Tuesday, May 03, 2016

Chapter 18.2 of The WRONG KIND of DEAD: “Fear the Reapers” Part 2

From the ALL-NEW, Yet-To-Be Proofed and Published FINAL BOOK of the SAGA of the DEAD SILENCER

Multiple streaks of white race into the tall ridges over the town where the residents once lived. As the flames from gas mains and the thermite bombs bloom and burst, more rocks comes tumbling down to smother them. Fire still manages to erupt from the rubble, one yellow-orange finger at a time.

“We had teams competing here,” says Col. Grinnell. “One to set the fires, the others to try and put them out. In the end, we buried 30,000 rotters and blocked the road up to Pikes Peak. The most delicious irony of all is that this will be all-natural, gluten-free land in a decade or two. You’ll never know there was a town here. Oh, you better believe I’m proud to have headed this project.”

“What would your wife think?” says Agnes.

“I’d wondered why you were so quiet. You didn’t strike me as the traditional type who lets her husband do all the talking.”
“I’m not. I just really hate talking to you people.”

Col. Grinnell laughs. “I can’t say I blame you, Mrs. Grace. As it is, my lovely wife, Dot, will never know what happened here. Like your current husband, I, too, have lost my wife to the Final Flu.”

“I’m sorry to hear that—right?”

“Dot’s abhorrent taste in weekend shopping destinations aside, she was the mother of my children, the keeper of hearth and home while I skipped about the planet incinerating people for fun and profit. In 34 years of marriage, all she ever asked of me when I was stateside was to work the outdoor grill and take out the trash.” The colonel’s smile is tight, joyless. “Damn near every man I’ve met in the service, commissioned and otherwise, had some kind of gold-digging, cheating-whore drama going on with their women. Dot was the real deal. One in a million.”

“I take it you were deployed when she passed,” I say.

“It was just a cold, right? Some crud going around. Everyone else had it, how bad could it be? The next thing I know, I’ve got an unscheduled top priority landing. The people in my unit who were sick were gathered up and shipped out quick in one flight. The rest of us got thoroughly checked out by a crew in hazmat suits before they disappeared into the night. Mr. Grace, I’m commander of one of the more elite intelligence support units and I don’t know what the howling fuck is going on. That’s one big mushroom cloud of a red flag, you think?”

“How many days was it between the onset of the Flu and when your people were airlifted out?”

“Let’s cut right to it. The powers that be knew what was up with this so-called Mayday Malaise. My people weren’t sick two days before they cleared them out. It was earlier in some places, later in others. One universal across all the services was that the sick were collected and taken away.”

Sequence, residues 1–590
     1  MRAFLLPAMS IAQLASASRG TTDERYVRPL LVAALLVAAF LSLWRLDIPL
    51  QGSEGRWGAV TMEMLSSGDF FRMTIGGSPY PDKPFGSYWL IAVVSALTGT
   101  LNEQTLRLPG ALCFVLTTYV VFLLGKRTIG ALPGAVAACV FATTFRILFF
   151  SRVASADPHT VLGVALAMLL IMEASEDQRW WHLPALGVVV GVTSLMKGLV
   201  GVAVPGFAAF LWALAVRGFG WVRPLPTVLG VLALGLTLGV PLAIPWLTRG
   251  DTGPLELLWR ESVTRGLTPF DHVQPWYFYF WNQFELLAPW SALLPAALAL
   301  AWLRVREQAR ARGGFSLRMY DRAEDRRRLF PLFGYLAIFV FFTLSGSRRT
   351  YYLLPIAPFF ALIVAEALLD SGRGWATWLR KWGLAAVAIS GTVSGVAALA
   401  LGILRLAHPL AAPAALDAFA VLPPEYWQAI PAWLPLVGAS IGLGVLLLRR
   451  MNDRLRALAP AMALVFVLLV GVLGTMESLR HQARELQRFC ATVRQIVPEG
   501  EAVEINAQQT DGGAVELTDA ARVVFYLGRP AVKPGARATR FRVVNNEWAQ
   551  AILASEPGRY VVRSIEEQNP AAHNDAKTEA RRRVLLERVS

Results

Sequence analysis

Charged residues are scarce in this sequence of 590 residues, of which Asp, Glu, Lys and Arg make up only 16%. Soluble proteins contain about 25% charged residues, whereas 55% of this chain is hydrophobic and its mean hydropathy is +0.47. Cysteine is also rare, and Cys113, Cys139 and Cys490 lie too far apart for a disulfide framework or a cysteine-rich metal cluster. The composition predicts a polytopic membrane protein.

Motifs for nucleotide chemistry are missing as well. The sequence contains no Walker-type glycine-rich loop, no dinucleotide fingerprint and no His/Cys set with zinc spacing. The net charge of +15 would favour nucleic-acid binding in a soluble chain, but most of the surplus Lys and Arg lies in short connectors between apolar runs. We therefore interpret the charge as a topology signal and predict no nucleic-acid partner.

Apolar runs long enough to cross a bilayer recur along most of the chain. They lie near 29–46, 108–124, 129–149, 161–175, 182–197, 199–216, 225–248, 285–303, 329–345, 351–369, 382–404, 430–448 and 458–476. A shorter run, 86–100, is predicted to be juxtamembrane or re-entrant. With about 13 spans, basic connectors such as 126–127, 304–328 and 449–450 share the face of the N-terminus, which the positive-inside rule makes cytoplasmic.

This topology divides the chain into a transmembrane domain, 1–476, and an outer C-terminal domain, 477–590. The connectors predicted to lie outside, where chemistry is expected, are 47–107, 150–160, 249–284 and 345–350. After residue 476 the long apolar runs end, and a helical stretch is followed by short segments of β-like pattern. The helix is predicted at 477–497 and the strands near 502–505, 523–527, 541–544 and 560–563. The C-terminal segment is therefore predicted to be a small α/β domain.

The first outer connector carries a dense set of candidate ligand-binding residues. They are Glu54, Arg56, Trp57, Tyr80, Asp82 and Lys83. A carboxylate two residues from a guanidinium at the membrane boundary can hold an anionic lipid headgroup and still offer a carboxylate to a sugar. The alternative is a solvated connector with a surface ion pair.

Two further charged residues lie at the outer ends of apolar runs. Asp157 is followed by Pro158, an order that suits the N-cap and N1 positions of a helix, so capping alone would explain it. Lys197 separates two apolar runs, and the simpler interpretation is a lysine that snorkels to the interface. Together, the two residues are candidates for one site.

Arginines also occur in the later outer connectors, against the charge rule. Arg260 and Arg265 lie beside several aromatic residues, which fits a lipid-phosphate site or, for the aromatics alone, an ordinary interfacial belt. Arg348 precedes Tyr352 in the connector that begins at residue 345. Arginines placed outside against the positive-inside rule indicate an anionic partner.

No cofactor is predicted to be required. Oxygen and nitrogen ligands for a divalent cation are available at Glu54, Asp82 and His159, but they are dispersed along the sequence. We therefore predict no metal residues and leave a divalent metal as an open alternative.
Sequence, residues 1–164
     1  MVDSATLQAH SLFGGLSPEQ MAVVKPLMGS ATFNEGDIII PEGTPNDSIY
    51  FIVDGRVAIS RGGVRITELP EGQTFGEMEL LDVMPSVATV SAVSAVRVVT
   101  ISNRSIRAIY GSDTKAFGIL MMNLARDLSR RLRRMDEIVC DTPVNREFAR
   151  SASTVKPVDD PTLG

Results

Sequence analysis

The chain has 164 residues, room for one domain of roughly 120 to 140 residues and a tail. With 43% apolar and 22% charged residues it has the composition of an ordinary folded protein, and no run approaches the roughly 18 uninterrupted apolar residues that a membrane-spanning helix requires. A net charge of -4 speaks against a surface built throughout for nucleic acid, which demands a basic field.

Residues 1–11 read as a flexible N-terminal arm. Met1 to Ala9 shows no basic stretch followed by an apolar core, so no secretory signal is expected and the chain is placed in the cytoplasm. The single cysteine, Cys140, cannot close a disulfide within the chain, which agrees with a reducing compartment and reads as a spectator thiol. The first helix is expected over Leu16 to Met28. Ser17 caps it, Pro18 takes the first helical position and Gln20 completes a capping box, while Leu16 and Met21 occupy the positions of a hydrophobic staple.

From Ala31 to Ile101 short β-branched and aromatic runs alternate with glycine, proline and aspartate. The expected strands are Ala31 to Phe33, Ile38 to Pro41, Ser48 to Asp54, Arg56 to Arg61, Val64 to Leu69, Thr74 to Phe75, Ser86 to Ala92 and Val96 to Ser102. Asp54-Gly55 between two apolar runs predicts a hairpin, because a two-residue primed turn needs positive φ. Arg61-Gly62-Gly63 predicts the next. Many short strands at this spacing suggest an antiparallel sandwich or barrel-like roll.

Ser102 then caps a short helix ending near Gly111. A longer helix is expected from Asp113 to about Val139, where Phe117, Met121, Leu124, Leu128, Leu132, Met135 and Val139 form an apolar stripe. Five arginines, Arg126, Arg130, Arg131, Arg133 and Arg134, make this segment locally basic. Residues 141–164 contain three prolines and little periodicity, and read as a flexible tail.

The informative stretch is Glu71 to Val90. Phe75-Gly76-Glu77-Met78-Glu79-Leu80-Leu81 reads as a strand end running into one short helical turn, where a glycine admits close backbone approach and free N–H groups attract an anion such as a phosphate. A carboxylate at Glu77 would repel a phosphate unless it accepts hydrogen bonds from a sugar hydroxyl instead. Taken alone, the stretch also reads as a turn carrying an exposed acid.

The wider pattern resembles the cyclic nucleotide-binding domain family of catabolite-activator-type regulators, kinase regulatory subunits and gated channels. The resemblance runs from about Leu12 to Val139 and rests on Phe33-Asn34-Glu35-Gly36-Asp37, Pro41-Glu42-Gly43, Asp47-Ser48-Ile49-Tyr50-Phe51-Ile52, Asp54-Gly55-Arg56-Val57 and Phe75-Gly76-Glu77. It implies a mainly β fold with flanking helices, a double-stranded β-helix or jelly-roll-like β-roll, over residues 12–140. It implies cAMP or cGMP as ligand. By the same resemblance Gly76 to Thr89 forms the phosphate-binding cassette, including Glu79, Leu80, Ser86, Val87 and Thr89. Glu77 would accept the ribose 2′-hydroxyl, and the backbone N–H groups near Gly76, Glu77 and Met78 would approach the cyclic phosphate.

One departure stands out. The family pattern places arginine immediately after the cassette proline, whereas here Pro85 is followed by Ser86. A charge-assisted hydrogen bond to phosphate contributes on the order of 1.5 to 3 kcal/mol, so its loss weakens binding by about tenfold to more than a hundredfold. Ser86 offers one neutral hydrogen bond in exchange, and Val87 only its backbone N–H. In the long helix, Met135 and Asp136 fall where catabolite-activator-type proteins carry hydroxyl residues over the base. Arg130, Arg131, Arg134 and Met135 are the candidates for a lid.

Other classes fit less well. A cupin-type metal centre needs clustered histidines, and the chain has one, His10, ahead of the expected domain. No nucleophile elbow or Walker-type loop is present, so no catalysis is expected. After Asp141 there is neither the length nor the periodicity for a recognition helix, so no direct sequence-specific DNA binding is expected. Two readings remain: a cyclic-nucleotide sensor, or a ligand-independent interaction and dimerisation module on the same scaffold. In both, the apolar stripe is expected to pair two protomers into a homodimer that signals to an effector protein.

“Where?”

“I don’t know. They were never seen again.”

“Shit.”

“No sooner do their wheels leave the ground, when we get orders. By ‘we,’ I mean us fortunate few. We would report to flights going to destinations listed only as ‘classified.’”

“What happened to the others?”

“Left behind to fight or fall when the mobs of eaters went on the move. The ones who survived that first weekend got the privilege of doing some more surviving in an outpost somewhere else. A lot more made it than I thought would.”

“Shit.”

“I realize now I had as much freedom as they did. Anyway, it’s a tale as old as humanity, isn’t it? The story of the man caught miles behind enemy lines when the shit hits the fan, who battles all manner of bad craziness only to find his family gone. Or worse.”

“You say not everyone got the orders. Didn’t you lose a third of your people, along with the rest of the population? It seems to me the people in charge need all the manpower they could get.”

“They didn’t need everyone, Mr. Grace. Just people of a certain...pedigree.” Col. Grinnell lifts an eyebrow. “Thank you, by the way, for showing such focus of inquiry in the face of me telling you how my wife died while I was far away and couldn’t help her. I reach out to you with that, and you’re not having it.”

“Colonel, I mean no disrespect—”

“I know you don’t,” he says. “Hell, I admire your focus. Still, they know you love your family as much as mine, and you have a lot more of them to lose than I do. They’ve only got the one with me. My daughter ran out of the house when she came upon her mother eating her grown brother on the floor of the kitchen. I almost lost her, too, but they very sensibly found her and picked her up. Good for them.”

“Jesus!”